At the ripe old age of 91, former U.S. President Jimmy Carter has defeated cancer.
Carter made the announcement to a crowded Sunday School class he was teaching at Maranatha Baptist Church in Plains, Georgia, garnering a standing ovation from hundreds of people in the room. Carter is devoutly religious and continued to teach classes at the church even after news of his original cancer diagnosis had sunk in.
"My most recent MRI brain scan did not reveal any signs of the original cancer spots nor any new ones. I will continue to receive regular three-week immunotherapy treatments of pembrolizumab," Carter told CNN in a statement.
Carter has been receiving treatment since August for a stage IV malignant melanoma that spread to his liver and brain.
Once he learned that the cancer was in his brain, Carter said he thought he had only weeks to live. His treatment involved pembrolizumab, one of several new cancer-fighting drugs that work by strengthening the body's natural immune response to cancer.
Even among patients receiving advanced treatment, Carter's apparent total remission is a rarity. Dr. Marc Ernstoff of the Cleveland Clinic Taussig Cancer Institute in Ohio told Reuters that only 5% of patients treated with pembrolizumab achieve full remission.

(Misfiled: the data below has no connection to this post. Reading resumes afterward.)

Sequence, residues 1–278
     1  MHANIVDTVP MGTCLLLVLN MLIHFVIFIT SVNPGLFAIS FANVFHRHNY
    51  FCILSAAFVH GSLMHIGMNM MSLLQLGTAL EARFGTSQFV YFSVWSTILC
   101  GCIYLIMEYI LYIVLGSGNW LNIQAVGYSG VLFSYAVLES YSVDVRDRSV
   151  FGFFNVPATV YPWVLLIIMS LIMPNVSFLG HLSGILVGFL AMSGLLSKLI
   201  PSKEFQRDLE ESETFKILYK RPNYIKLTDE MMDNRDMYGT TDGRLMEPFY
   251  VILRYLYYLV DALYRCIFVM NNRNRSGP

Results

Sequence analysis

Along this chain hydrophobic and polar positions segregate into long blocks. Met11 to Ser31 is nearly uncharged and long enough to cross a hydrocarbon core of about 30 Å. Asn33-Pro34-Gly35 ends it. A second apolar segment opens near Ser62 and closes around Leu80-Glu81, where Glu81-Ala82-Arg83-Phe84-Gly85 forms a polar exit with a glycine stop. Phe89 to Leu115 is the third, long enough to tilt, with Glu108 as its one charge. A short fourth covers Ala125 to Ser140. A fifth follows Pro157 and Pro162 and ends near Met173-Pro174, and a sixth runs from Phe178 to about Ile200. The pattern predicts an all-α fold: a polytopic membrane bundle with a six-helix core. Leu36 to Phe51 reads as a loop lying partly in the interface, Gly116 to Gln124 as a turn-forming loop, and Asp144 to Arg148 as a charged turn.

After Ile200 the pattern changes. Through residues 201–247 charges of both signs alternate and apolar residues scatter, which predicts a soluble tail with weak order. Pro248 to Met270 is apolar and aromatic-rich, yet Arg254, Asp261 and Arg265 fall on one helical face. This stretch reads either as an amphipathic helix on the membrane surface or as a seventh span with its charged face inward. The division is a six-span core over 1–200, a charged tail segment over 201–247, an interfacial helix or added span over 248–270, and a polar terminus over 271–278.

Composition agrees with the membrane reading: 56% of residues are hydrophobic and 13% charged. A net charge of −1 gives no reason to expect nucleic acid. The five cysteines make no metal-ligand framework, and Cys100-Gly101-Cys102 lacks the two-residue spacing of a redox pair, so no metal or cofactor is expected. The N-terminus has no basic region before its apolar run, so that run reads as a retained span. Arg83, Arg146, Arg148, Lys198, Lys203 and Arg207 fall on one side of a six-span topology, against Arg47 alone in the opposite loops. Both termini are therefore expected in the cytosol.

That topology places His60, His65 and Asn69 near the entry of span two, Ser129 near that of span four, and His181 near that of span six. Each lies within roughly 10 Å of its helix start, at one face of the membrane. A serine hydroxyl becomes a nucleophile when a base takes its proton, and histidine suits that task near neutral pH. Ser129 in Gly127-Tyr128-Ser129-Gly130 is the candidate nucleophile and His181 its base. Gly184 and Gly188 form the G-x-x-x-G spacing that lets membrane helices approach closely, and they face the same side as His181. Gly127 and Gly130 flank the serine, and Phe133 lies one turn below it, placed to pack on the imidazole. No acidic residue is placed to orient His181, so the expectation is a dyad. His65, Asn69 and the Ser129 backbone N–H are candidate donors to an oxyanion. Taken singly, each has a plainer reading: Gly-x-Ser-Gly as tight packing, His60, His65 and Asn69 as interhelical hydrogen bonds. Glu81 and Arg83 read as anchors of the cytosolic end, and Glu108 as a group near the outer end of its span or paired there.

If the former president is indeed cured, it would not be the first time Carter has made an incredible comeback.
But his post-presidential career has been a storied one, including the founding of the Carter Center, charitable work for the Christian nonprofit Habitat for Humanity and several diplomatic missions. He visited North Korea twice, once in 1994 to help avert a nuclear crisis and again in 2010 to secure the release of American prisoner Aijalon Gomes.
A Quinnipiac University poll in November 2015 found Carter's post-presidential legacy has impressed many Americans. According to the poll, 40% of voters said Carter "has had the best post-presidency" of the last five presidents, beating out George W. Bush, Bill Clinton, George H.W. Bush and Ronald Reagan.